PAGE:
Then we had the on-going litigation against Dr. Gabrielle Horne. Dr. Horne was a rising medical star who had her hospital privileges reduced and research thwarted after a manufactured dispute with a hospital director at the former Capital Health Health Authority. Dr. Horne’s professional standing was harmed by the manager’s claims. The result was 16 years of litigation in which Dr. Horne prevailed. Capital Health, continued by NSHA, spent over $10 million of taxpayer money to avoid taking responsibility for the actions of their management team. In the end the courts found for Dr. Horne. All that NSHA did was spend several millions more to cut a $1.4 million damage award to $800,000. The managers who caused this problem remained at work and rose in the organization.

Last month, NSHA showed their on-going disrespect when they cancelled hospital privileges of Dr. Jennie MacGillivary. Dr. MacGillivary is a surgeon who performed surgeries at two provincial hospitals. She asked for help to deal with professional burn out caused by her workload and lack of support. She lost her job. So much for a NSHA being a compassionate employer.


Another example of the NSHA disrespect for medical professionals was a meeting called by a NSHA provincial health zone manager where the 42 doctors in attendance were told they had no concept of realty and “were living off the fat of the land”. Really?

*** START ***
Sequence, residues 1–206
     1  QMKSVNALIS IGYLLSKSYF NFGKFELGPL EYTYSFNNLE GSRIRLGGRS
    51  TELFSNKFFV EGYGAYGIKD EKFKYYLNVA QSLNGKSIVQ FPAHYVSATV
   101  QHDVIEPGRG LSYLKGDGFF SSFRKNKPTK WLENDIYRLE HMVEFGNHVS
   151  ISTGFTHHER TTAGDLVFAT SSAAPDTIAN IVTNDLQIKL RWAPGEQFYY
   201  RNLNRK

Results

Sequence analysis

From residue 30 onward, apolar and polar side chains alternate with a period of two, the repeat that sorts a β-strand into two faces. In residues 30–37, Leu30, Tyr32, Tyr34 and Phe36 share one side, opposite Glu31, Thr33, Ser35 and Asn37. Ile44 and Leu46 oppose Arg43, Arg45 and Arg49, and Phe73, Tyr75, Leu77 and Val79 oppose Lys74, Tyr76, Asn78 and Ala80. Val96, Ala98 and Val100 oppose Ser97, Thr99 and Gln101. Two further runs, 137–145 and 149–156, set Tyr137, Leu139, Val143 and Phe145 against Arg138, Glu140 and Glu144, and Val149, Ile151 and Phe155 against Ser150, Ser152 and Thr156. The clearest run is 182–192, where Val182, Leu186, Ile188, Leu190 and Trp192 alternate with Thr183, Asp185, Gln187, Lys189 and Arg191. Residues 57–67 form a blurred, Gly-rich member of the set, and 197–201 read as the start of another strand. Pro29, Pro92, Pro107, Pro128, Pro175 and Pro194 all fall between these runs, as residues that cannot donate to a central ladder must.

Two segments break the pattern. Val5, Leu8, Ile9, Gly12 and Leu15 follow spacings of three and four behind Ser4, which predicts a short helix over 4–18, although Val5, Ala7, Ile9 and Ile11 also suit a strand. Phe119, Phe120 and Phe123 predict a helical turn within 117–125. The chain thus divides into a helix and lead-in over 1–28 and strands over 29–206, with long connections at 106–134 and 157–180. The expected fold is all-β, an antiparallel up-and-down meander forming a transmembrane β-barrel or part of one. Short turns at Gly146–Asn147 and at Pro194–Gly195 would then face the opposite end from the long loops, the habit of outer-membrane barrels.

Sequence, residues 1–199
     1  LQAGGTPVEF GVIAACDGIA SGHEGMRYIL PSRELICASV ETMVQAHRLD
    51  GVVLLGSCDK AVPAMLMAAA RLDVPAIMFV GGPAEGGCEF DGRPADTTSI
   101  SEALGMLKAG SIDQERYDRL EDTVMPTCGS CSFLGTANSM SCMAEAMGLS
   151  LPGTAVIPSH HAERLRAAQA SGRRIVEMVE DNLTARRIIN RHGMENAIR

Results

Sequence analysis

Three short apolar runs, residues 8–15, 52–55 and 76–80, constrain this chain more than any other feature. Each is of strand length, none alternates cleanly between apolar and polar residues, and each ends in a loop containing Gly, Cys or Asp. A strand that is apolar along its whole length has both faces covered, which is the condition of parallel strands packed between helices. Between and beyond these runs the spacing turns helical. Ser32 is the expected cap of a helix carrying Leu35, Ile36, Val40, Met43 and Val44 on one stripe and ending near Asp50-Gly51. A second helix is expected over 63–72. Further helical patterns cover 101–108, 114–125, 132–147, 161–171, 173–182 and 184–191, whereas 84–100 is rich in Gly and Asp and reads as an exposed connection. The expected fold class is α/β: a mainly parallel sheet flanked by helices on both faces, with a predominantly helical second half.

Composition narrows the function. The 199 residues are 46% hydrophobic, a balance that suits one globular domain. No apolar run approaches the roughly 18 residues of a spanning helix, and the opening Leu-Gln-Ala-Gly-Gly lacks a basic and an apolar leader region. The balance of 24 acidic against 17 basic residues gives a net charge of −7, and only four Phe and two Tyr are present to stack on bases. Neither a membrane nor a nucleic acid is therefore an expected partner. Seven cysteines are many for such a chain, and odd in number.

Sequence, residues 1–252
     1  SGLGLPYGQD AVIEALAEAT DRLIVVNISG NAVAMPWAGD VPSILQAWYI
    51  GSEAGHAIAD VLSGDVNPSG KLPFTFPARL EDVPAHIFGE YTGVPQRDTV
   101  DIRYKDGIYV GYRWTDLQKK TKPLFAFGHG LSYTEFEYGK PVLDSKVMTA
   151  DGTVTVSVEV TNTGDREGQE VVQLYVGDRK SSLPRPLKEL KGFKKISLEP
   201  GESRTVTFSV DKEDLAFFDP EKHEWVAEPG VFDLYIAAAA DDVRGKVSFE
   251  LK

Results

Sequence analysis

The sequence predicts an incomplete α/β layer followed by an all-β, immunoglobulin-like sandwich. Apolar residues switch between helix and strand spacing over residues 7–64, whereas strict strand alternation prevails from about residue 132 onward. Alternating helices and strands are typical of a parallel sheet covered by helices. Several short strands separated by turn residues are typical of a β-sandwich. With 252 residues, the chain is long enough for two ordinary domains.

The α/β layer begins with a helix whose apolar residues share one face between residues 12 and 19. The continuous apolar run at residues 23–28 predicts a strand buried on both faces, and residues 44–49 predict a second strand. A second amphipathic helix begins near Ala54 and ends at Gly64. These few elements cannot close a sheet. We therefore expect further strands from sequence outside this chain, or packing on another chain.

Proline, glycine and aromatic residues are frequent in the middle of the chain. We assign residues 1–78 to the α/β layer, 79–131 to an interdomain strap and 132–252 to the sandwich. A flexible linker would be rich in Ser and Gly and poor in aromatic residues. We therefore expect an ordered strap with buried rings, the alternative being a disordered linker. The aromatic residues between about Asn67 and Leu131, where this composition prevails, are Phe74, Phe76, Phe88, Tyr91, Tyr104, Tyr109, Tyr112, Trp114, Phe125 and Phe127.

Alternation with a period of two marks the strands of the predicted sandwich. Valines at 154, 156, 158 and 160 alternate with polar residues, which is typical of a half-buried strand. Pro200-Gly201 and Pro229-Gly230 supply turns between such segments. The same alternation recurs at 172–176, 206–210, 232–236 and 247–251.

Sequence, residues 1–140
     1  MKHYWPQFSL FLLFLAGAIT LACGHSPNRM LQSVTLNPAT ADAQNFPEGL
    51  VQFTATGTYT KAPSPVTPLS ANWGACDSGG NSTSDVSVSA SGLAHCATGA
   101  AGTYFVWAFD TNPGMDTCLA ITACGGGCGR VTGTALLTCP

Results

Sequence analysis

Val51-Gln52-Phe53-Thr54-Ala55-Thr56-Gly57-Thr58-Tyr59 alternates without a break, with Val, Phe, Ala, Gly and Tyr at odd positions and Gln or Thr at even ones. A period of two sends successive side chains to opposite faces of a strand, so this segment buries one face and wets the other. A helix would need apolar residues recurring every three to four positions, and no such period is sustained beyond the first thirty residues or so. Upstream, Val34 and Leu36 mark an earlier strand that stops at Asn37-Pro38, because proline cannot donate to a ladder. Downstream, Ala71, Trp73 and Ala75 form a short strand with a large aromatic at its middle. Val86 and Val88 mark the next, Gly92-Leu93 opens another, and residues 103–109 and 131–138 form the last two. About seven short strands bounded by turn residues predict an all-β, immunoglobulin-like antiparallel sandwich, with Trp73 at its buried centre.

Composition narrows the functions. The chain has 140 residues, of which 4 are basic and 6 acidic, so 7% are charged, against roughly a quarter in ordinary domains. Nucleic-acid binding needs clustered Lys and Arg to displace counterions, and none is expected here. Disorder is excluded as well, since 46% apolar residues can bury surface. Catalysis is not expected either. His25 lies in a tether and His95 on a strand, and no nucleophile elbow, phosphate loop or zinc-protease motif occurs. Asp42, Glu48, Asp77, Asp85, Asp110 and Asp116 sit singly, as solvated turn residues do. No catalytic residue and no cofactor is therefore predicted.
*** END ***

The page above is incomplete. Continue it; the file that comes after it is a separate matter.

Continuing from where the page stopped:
1. Practice Restrictions

The NSHA has been careful not to say a doctor can’t practice wherever they wish. They know those cases limiting practice have been lost in the Supreme Court. However, the NSHA has used credentialing as the club preventing doctors from establishing practices wherever they wish and to drive new doctors to join a collaborative care practice. Without “credentials” doctors can’t bill for services, can’t order tests, prescribe drugs or even admit a patient to hospital. I have been told of a physician who was prevented from opening a practice in a suburb of Halifax, another was prevented from taking over his parent’s city practice, another city-based doctor couldn’t turn his existing practice over to a new doctor. Two young doctors were prevented from establishing a rural practice because it was within the 100-km catchment area of a community care practice.

Here are some unedited NSHA employee ratings posted on-line in connection to a job competition in October 2018:

Very little room for advancement / Allied Health (Current Employee) –  Sydney, NS – 15 May 2018

Advancement is only given either by seniority but more commonly by nepotism. System is failing due to ineffective management who are not above asking illegal requests. Union violations occur frequently, but the union has no teeth in protecting the employees and retribution within the rules of the contract does occur.